OTTAWA – Ten of 14 senators who chose to contest an order to repay hundreds of thousands of dollars in questionable expense claims back to the Senate had their payments reduced by a special arbitrator.
Still, former Supreme Court justice Ian Binnie found a number of eyebrow-raising claims and explanations. Here are a few that stand out:
– Sen. Pierre-Hugues Boisvenu shouldn’t have billed the Senate $15,826 for a secondary residence in the national capital region in 2012 because the home near Ottawa was really his primary residence that year. Binnie paid little mind to the question of residency, one that has bedevilled other senators in recent years. “The issue here,” he wrote, “is the Senate travel policy, not the Constitution.”
– A staffer for Conservative Sen. Jean-Guy Dagenais billed the Senate for a number of “fictitious” trips between Ottawa and Montreal that were in fact just 20-kilometre journeys between Montreal and Boucherville, Que.
– Auditor general Michael Ferguson ordered Liberal Joseph Day to repay $508 for a flight from Toronto to Ottawa at the tail end of his winter holiday. Day paid for his flight from Mexico and stayed in Toronto rather than heading home to New Brunswick. The Senate paid for his flight to Ottawa to prepare for a NATO meeting in Washington; finance officials pre-authorized his ticket. Wondered Binnie: how can one disallow the expense when the travel was already authorized?
– Liberal Colin Kenny diverted through Vancouver on a May 2011 trip out west for “lipo laser treatment” on May 24 and then again on May 28. It didn’t add to the overall cost of the trip, which was justified.
– In June 2011, Kenny charged $6,940 to fly out west to Vancouver and Victoria for meetings, “but these were added on to a weekend holiday with friends in San Diego,” Binnie wrote. On the way home to Ottawa, Kenny stopped in Toronto for a suit fitting at the Sheraton Gateway Hotel and stayed overnight to lunch with a journalist the next day. Total claim: $8,866. Binnie said only $1,021 was justified.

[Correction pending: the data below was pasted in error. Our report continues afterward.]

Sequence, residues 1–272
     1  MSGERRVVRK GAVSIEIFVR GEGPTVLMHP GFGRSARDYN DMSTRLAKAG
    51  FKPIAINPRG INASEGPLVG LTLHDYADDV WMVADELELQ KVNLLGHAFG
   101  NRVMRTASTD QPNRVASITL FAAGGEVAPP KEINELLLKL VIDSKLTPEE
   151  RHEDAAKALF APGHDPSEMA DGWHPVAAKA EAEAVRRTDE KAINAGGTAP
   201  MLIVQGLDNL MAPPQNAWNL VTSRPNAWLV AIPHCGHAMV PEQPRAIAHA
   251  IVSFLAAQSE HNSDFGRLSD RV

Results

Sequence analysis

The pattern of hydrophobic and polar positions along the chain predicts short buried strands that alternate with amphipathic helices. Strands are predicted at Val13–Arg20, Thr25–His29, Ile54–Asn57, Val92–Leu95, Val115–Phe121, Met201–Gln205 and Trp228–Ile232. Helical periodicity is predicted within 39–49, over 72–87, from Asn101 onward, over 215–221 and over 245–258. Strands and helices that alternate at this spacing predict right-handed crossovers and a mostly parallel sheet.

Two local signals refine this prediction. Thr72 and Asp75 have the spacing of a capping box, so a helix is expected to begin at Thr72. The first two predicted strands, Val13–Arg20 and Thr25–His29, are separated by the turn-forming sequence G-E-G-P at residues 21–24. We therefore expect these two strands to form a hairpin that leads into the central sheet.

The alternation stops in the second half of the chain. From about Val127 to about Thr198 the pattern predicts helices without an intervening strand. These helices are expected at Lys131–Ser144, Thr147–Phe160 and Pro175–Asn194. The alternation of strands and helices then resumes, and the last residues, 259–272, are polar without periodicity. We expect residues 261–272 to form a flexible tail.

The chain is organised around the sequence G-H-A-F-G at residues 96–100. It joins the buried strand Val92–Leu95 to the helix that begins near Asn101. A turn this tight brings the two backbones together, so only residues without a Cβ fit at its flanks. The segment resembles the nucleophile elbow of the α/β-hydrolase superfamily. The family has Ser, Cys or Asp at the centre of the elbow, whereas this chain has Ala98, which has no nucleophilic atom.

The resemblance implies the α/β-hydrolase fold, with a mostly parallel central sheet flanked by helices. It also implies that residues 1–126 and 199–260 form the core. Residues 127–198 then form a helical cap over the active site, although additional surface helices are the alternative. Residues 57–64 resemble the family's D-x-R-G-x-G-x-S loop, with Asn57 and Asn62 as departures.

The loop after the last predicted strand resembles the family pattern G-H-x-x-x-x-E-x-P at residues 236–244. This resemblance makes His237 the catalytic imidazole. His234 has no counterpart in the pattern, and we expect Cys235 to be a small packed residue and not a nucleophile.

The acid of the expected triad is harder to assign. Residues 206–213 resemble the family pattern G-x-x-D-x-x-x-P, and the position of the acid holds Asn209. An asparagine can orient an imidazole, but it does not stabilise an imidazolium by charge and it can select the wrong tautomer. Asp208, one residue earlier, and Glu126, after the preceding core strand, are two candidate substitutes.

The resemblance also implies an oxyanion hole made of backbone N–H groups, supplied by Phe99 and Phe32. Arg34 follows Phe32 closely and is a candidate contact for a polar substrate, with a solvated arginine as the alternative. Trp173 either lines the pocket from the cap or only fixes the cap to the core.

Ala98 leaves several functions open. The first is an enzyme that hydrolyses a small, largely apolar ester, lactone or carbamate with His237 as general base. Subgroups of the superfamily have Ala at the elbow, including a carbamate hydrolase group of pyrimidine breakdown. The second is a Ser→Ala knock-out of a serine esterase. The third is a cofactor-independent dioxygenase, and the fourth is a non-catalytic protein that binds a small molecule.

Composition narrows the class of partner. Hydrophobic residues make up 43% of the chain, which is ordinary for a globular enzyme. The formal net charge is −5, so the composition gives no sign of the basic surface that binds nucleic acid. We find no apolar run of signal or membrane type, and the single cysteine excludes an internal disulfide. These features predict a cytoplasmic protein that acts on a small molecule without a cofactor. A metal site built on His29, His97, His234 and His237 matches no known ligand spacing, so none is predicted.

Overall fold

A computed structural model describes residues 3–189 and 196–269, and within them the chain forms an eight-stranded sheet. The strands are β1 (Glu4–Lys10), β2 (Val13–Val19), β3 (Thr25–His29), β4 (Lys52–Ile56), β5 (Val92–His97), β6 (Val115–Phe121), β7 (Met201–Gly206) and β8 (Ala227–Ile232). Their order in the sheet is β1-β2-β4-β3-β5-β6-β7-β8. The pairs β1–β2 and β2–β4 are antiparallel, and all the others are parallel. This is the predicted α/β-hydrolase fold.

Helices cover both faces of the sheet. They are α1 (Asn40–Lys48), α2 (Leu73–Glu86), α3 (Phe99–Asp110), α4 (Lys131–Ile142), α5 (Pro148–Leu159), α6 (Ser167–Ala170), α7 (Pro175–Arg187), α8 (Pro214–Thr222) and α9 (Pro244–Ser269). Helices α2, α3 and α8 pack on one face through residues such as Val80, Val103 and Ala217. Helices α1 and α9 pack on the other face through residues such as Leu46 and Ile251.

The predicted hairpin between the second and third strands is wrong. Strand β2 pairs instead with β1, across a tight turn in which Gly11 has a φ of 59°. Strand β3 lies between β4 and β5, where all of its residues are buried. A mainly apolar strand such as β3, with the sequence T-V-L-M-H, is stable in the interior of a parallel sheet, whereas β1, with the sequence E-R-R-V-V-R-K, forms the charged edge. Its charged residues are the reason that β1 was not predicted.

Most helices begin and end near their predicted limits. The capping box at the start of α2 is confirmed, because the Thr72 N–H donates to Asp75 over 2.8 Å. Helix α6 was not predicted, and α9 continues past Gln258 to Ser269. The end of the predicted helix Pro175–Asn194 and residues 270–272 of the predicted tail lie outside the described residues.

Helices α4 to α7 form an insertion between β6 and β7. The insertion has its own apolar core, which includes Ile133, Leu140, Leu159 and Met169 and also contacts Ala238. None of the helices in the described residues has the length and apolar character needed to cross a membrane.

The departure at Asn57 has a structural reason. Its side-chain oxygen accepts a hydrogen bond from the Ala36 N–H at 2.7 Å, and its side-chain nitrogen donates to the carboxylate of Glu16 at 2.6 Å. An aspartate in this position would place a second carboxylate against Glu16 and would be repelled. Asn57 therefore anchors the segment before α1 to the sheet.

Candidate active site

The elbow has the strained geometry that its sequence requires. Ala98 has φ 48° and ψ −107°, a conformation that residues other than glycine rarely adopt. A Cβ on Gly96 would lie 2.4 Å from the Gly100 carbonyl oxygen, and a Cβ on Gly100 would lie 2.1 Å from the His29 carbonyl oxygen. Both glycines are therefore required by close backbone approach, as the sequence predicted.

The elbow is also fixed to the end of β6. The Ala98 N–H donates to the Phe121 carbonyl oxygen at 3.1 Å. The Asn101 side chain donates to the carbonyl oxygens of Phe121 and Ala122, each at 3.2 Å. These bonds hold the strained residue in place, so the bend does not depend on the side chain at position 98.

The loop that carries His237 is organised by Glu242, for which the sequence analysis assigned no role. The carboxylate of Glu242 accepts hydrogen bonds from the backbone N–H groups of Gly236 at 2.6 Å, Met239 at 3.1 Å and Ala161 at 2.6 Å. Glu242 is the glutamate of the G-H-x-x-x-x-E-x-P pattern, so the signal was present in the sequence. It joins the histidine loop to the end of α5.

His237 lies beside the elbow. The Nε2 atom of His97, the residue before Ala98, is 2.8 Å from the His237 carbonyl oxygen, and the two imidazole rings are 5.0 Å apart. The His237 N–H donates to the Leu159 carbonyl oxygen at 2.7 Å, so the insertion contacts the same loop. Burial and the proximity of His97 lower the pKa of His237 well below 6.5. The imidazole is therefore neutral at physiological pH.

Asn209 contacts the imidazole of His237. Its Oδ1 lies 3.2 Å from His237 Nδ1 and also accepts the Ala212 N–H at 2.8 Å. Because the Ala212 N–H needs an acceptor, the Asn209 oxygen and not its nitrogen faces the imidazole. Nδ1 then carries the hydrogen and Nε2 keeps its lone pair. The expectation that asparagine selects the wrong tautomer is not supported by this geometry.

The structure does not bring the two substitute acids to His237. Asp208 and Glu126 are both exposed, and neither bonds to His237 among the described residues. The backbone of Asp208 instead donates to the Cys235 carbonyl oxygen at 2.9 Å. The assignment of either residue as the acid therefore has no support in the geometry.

– In July 2012, Kenny flew to Toronto – one of several trips to the city that was not reasonable, Binnie said – and stayed overnight to have breakfast with a former Senate colleague the next day, and then attend his granddaughter’s birthday party before flying back to Ottawa on a Saturday night. The overnight stay, Binnie said, wasn’t a justifiable Senate expense.
– Kenny took 16 trips to Vancouver and Victoria between 2011 and 2013 for “parliamentary functions” even though he wasn’t on any committees or working groups, and was “essentially freelancing his own public policy agenda” or “networking.”
– Liberal Sandra Lovelace Nicholas stayed extra nights in Fredericton to allow her constituents to meet with her, but could provide no evidence of any meetings. “Essentially, her position is that if the records show she was in Fredericton on certain dates than she must have been meeting with ‘constituents,’ because that is what she does when she is in Fredericton,” Binnie wrote. “However, ‘accountability’ requires something more than such generalizations.”
– Retired senator Robert Peterson spent $11,492 to fly with his wife from Regina to Ottawa in December 2011 to take his office staff out for a Christmas dinner and then fly to Toronto to visit with family before heading back to Saskatchewan. Peterson said he needed to give “directions to my staff and to put my papers and files in order” – something Binnie said he could have done over the phone.
– Conservative Don Plett was told to repay $182 for a trip to Montreal in February 2012 where he met with fellow Conservative Leo Housakos. The Winnipeg Jets were in Montreal to play the Canadiens, so Plett went to the game. “Listen, I mean, it was Winnipeg playing, if you want to look it up. So what am I going to say?” Plett said. Binnie gave the Manitoba senator “full marks for candour,” and told him to pay the money back.
– Retired senator Terry Stratton was told to repay $1,191 for a trip to Calgary in June 2012 with his wife to help a friend who had, in Stratton’s words, “hooked up with a woman that… let’s just say the two of them out in public caused… embarrassment both to the (University of Calgary) and to the Senate of Canada.” Stratton took his wife to keep things under the radar. His visit didn’t help; the issue became public and the friend, a former Conservative, was forced to resign from the university. Binnie said the trip had “nothing very much to do with Parliament” and was trying to deal with a “potential embarrassment to his friend and to the party.”